With apologies to Dominos, whose pizzas I enjoy periodically, I present the histories of vegetarianism, pizza and vegetarian pizzas. I will then explain how all three are intricately connected with, and reflected in, our relationships.
It seems the earliest record of vegetarianism, which is the choice to not eat meat, is in the writings of ancient India. Unless you read another article which says it was Pythagoras, the great Greek mathematician; he of the famous theorem we all studied in high school. It does seem clear though from the Biblical record that Adam and Eve were vegetarians. Next level vegetarianism is veganism, under which philosophy, practitioners do not eat or use animal products. The term veganism is a 20th century construct, but this extreme form of vegetarianism, appears to have originated around the same time, in the same cultures.
Of course in Western societies, with their focus on the individual, vegetarianism has mostly been a choice; either a health choice or an ethical choice, or both. In eastern cultures, so bound with the religious beliefs of Hinduism and its offspring, Buddhism, and very much collectivist societies, such choices have not been, and are still not available.
Pizza was also born in ancient times, although the first use of the word only dates back to first century Gaeta, now contained in the modern nation state of Italy. While ancient Egyptians, Romans and Greeks ate various flatbreads with toppings, the pizza, as we know it today is said to have been created in Naples, in the late 18th century.
You can travel to almost any country in the world and find some version of pizza, including vegetarian pizzas like one of my favourites, that I mentioned in the title of this post. However, it is only recently, over the last 10-15 years, that major western pizza chains like Pizza Hut and Dominos have begun offering vegetarian pizzas.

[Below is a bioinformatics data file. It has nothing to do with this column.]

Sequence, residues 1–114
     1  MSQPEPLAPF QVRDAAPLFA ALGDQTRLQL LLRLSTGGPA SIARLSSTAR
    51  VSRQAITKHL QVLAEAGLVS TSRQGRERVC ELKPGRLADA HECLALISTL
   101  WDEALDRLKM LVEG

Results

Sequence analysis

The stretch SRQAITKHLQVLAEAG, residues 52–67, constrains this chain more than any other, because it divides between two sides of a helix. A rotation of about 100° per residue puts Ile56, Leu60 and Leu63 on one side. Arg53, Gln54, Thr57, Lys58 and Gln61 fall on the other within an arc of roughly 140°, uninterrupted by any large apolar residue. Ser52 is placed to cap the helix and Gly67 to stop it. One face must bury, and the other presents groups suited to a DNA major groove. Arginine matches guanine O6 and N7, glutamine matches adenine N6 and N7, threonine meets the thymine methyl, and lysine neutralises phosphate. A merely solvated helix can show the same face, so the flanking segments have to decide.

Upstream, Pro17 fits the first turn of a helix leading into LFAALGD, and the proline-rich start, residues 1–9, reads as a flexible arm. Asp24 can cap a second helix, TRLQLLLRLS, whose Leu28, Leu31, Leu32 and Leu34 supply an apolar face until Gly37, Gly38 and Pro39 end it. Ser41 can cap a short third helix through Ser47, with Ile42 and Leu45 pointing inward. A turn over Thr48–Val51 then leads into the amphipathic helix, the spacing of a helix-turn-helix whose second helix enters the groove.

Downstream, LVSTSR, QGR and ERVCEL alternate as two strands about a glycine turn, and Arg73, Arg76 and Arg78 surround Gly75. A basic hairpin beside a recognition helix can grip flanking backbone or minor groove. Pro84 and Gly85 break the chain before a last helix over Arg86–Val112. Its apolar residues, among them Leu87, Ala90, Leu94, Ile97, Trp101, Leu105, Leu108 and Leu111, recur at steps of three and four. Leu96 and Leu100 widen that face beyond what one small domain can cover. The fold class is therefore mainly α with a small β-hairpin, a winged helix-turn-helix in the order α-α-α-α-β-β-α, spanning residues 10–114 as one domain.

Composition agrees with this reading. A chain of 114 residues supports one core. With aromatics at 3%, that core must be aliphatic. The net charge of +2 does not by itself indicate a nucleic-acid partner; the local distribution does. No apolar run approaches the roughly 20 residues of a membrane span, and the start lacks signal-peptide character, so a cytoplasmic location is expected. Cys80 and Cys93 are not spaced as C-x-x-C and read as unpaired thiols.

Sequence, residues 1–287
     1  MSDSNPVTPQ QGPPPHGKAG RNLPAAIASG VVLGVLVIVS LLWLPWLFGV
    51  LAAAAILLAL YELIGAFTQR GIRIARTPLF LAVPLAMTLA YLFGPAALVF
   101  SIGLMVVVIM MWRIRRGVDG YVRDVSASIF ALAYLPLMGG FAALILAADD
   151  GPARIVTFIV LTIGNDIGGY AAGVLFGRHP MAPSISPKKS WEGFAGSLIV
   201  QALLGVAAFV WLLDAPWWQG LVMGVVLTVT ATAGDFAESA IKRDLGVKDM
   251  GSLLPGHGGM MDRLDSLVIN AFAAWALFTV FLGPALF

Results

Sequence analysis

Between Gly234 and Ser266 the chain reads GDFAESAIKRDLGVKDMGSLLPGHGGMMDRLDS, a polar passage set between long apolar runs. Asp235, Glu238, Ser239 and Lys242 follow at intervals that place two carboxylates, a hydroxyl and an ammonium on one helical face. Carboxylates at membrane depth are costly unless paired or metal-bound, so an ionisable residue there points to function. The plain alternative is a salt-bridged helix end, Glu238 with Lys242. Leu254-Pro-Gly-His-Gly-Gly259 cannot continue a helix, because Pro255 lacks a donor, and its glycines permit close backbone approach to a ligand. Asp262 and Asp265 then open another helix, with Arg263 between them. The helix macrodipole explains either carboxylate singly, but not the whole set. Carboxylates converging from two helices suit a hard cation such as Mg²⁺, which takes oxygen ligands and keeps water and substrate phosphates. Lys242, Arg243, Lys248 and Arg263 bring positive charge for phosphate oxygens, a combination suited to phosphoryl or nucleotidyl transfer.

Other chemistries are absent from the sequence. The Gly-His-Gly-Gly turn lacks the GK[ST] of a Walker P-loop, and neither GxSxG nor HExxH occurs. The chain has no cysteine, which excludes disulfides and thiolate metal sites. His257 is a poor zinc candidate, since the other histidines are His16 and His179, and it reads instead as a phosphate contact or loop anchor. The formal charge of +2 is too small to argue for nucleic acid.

Also dating back to ancient, even pre-historic times, are relationships, and it is here that I wish to sharpen the reader's focus.
The issue of eating animal products, or not, can be an issue in relationships, but it generally isn't. Of all the problems and disagreements a couple will face, food has rarely directly caused a relationship breakdown. Eating maybe, but not food itself.
Perhaps because it is so vital, the question of what is eaten by who and where and when, seems to be an aspect of relationships in which compromise is relatively easy. As part of her Catholic practice, my wife chooses not to eat meat on Fridays. Although this prohibition is not a part of my religious practice, it has been an easy thing for me to simply not eat meat on Fridays. It's a simple way for me to demonstrate respect for her. She doesn't eat chicken because she doesn't like it, but she cooks it for the rest of the family, because we do.
If vegetarianism was a big deal for a particular person, it would certainly come up in the early stages of a relationship, and be dealt with. Post marriage or post relationship commencement vegetarianism might present more of a challenge, but as I said, it is highly unlikely to destroy the relationship.
What can we learn from all this? Pizza is good, choice is good, and compromise is not only good, but is also an indispensable ingredient for healthy relationships. Meat, on the other hand, is not an indispensable ingredient for a great tasting pizza.